Affiliation(s): McGill University
George Robert Wayne Moore, McGill University
G. R. Wayne Moore, BSc, MD, CM, FRCPC, FRCPath is Clinical Professor of Pathology and Laboratory Medicine (Neuropathology) at the University of British Columbia, Adjunct Professor in the Department of Neurology and Neurosurgery at McGill University, and Adjunct Professor in the Division of BioMedical Sciences at Memorial University of Newfoundland. He received his BSc degree from Memorial University of Newfoundland and his MD, CM degree from McGill University. He did his Neurology residency at the Mayo Clinic and his Neuropathology residency at Queen’s University and is certified in both specialities. His post-doctoral fellowship, funded by the Multiple Sclerosis Society of Canada, was in experimental neuropathology of demyelinating diseases at Albert Einstein College of Medicine in New York, where he subsequently was on faculty in the Departments of Pathology and Neurology for several years before moving back to Canada. His research interests are the neuropathology and pathogenesis of multiple sclerosis and their relationship to magnetic resonance imaging. In addition to the information provided in the researcher profile, we will also be featuring the responses from the e-interview questions asked below.
What is the focus of your research? How did you become interested in MS research?
My research is in the neuropathology and pathogenesis of multiple sclerosis (MS) and their relationship to magnetic resonance imaging. The current focus is on the study of how the barrier between the cerebrospinal fluid and brain is important in MS, particularly in the progressive phase of the disease. I am a neurologist and neuropathologist. When practicing neurology I was always impressed by how multiple sclerosis (MS) impacted the lives of people with this disease. At that time, compared to present times, there was little treatment available, even for relapses. So I felt that MS was a disease that certainly was in need of research to understand the changes in the brain and spinal cord (neuropathology) and the mechanisms of how these changes come about (pathogenesis), so that effective treatments could be developed. To this end, I pursued a post-doctoral fellowship, which was funded by the Multiple Sclerosis Society of Canada, in the experimental neuropathology of demyelinating disease with Dr Cedric Raine in New York. Subsequently Dr Donald Paty, a pioneer in the introduction of magnetic resonance imaging (MRI) in the diagnosis and treatment of MS, invited me to work with him in Vancouver to determine how the MRI changes reflected the pathology of MS.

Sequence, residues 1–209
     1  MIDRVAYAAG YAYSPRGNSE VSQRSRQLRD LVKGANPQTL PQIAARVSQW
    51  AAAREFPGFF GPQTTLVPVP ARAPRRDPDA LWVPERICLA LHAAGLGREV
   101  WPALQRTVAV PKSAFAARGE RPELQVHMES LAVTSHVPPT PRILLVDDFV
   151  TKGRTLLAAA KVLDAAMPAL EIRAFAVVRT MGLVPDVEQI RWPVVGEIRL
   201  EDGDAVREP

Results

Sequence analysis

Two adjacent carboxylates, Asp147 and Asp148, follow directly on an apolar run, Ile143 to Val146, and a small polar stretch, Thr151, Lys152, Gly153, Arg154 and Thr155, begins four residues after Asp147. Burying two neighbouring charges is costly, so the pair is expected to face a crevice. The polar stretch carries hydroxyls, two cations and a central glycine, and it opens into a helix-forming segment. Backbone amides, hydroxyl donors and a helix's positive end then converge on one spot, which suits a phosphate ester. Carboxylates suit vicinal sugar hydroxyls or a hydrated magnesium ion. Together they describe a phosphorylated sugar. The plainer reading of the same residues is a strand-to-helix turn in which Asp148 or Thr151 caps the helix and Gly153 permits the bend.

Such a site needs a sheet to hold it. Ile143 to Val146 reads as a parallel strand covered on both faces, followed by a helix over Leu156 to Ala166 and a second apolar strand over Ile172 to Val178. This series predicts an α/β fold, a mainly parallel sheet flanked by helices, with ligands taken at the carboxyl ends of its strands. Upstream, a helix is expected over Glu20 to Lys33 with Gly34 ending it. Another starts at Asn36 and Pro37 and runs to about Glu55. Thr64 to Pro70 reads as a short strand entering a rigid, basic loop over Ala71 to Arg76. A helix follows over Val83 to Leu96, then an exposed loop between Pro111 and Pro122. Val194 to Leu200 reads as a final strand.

What inspires you to continue advancing research in this field?
While significant advances have occurred in the understanding of the basis and the treatment of relapses in multiple sclerosis (MS), much work need to be done to understand the progressive stages and forms of the disease, which are very important sources of disability in MS. The pursuit of the understanding of progression in MS inspired me to continue research in MS. There is an urgent need to understand the pathogenesis of progression in MS and it is to this end that my research is currently directed.
How do you hope to change the lives of people living with MS through your research?
I hope my research which explores the fundamental changes and disease mechanisms in the brain and spinal cord in multiple sclerosis (MS) will reveal the principles underlying progression in MS. With this understanding, treatment will be able to be directed against these disease mechanisms and thereby enhance the quality of life of persons living with MS.
What do you enjoy most about your research? What are some of the challenges you face?
What I enjoy most about my research is the discovery of a new finding that gives us insight into the mechanisms of the multiple sclerosis (MS). Most of the challenges I face in research is related to the fact that we work with human autopsy tissue. In contrast to experimental research, variables cannot be manipulated in the study of human tissue. Nevertheless, our studies of human tissue provide direct insights into disease mechanisms of MS.
How important is the support from the MS Society of Canada in your research?
The Multiple Sclerosis (MS) Society of Canada has been and continues to be the most important source of support for my research, dating back to my post-doctoral fellowship and the many operating grants since then. Without this funding from the Society MS research in my laboratory would not be possible.